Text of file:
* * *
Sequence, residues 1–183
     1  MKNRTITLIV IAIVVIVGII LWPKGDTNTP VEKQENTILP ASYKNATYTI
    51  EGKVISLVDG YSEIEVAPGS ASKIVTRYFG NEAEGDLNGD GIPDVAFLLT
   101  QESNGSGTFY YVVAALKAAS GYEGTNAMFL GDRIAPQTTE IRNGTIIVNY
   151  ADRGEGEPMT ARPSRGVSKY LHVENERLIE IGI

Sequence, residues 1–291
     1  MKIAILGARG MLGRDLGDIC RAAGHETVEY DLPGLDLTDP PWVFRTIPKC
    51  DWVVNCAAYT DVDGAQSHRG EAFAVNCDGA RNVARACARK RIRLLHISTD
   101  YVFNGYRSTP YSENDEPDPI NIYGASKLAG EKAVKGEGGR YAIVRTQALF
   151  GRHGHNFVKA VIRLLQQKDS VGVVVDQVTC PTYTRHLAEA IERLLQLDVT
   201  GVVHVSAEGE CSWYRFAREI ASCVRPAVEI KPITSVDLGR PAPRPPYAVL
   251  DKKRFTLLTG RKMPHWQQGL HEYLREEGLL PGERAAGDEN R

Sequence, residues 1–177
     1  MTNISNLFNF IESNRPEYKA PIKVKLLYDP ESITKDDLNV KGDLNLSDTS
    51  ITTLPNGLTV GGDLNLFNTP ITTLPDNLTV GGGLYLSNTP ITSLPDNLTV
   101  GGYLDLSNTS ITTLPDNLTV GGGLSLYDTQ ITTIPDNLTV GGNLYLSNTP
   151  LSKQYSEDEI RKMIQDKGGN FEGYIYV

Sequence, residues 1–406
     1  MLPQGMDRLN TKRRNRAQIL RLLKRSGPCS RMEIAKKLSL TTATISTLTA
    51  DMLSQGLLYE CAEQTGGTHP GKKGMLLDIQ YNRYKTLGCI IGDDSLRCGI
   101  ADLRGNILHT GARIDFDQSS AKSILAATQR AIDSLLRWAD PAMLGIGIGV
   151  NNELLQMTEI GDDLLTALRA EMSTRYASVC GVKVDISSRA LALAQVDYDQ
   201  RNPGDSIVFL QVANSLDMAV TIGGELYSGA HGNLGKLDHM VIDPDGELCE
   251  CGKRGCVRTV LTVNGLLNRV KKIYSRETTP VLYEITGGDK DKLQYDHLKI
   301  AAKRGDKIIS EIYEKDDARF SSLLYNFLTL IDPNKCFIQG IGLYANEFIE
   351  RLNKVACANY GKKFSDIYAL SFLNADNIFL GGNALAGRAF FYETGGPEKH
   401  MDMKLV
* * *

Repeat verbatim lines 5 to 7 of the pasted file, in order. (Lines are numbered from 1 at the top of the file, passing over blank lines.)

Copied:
   151  ADRGEGEPMT ARPSRGVSKY LHVENERLIE IGI

Sequence, residues 1–291
     1  MKIAILGARG MLGRDLGDIC RAAGHETVEY DLPGLDLTDP PWVFRTIPKC